A Pictorial Guide to Homebrew Sanitising

From the multiple articles I have read, plus the podcasts I have listened to, and the general advice from others, sanitising is quite possibly the most important part of the brewing process. If bacteria gets into the wort, siphon, carboy or bottle, you risk ruining your beer. Soap and water are the standard way to clean most things. For the bottles and carboy, a food safe sanitising agent is recommended. You can use household bleach, just be sure to rinse really well, it is not food nor human safe (I did my own research). Scalding the glass carboy and bottles with hot water is also useful. I scalded the plastic bottles with hot water, some of them warped. Oops. Be careful with that.

If after the sanitising process, the siphon and/or hose still has a beer smell, you might need to simply soak separately in a sanitising solution for a while. If the smell does not go away, it is a good idea to replace it.

Soap and water, the tried and true friend for cleaning.


You might need to take a brush to the bottle


Add a small amount of sanitiser to the bottles, then fill with (scalding) hot water. Scalding hot is not good for plastic bottles.


Don’t be afraid to take the brush to the bottles, sediment in the bottle may need to be scrubbed off.


Rinse the bottles with (scalding) hot water, and invert to drip dry.


This is an extreme case of a dirty airlock, there was some kreusan overflow.


Soak the dissembled airlock in a small amount of sanitiser with hot water. Once it is clean, rinse well with hot water, and allow it to drip dry.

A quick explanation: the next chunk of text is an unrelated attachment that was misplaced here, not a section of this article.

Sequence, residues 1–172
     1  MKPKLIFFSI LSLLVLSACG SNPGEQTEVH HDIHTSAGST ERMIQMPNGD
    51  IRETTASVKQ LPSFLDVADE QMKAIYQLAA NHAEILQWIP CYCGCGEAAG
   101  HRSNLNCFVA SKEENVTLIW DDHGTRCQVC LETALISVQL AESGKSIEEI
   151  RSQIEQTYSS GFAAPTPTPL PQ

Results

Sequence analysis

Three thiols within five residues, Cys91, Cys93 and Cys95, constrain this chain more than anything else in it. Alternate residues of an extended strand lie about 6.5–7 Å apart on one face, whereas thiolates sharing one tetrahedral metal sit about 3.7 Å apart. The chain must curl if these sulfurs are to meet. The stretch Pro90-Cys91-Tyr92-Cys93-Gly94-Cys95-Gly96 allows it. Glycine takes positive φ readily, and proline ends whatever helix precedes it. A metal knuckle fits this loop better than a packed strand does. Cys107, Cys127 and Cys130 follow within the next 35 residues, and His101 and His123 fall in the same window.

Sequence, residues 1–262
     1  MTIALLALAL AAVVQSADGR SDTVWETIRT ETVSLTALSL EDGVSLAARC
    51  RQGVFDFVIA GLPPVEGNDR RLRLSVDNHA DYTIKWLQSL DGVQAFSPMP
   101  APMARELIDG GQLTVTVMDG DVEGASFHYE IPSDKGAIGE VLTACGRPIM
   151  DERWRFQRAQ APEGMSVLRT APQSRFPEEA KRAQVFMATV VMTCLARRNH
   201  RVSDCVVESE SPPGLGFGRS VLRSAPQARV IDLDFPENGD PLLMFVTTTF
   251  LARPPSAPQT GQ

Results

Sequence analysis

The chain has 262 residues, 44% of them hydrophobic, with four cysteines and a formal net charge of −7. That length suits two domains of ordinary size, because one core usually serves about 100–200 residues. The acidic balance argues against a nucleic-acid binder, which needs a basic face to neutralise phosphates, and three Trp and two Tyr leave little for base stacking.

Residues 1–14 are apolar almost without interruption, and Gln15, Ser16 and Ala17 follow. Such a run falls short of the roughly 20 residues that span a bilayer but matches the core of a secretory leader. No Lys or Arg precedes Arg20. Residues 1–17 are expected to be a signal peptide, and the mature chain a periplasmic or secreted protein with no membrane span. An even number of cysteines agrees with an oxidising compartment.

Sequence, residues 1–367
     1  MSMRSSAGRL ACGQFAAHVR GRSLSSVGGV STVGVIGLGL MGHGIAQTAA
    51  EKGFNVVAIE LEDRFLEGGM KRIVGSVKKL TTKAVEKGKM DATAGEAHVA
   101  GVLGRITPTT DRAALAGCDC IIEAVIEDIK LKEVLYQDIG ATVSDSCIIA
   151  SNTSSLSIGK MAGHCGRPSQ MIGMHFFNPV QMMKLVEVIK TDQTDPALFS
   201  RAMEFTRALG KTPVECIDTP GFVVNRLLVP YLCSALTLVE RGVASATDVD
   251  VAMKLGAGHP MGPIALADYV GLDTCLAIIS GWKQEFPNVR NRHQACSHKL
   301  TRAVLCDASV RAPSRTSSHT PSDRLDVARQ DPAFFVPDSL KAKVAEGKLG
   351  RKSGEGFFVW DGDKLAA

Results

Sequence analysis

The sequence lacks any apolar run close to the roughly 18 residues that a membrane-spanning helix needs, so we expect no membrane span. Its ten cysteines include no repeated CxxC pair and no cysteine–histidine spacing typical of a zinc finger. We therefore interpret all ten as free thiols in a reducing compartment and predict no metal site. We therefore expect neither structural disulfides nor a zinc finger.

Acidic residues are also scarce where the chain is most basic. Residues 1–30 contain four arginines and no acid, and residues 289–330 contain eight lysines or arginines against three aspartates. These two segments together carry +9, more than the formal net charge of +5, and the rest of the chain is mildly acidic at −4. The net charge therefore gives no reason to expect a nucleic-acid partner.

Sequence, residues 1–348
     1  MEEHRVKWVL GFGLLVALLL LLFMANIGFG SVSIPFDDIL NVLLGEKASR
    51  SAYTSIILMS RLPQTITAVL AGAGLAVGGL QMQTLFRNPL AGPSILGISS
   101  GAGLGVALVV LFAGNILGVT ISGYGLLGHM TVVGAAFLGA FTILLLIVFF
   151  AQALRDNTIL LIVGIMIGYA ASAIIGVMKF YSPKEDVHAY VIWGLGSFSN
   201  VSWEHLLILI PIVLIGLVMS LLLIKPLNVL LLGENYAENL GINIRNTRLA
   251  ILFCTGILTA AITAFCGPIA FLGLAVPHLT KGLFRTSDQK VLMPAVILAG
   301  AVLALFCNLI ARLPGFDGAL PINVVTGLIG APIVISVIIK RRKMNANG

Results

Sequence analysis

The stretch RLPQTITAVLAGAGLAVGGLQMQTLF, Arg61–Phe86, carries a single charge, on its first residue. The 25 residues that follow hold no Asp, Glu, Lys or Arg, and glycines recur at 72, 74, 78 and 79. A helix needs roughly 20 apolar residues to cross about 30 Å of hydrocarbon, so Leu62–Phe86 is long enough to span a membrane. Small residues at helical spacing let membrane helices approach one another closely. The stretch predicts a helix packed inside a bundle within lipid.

This carboy was just emptied, after a bottling. It is an extreme example of being dirty. Give it a really good rinse with hot water before continuing.


Add a small measure of sanitiser to the carboy, and fill with scalding hot water.


Allow the carboy to soak for a while. The sanitising agent may react with the remnants, once the bubbling has subsided, you are good to continue,


Take the brush to the carboy, and give it a good scrubbing.


This is a two for one special, siphon the sanitiser solution from the carboy. This will in part, also clean the siphon. Once drained, fill with hot water and siphon again.


Once drained, invert the carboy, and allow it to drip dry.

There you have it, sanitised homebrew equipment, ready for your next batch. As I outlined in a previous post on the home economics of homebrewing, water consumption is quite high. This exercise cleaning up during this batch was about 16L or 4 gallons of water. I am acutely of this usage, as I had to cart extra water by wagon, to the trailer, as depicted below.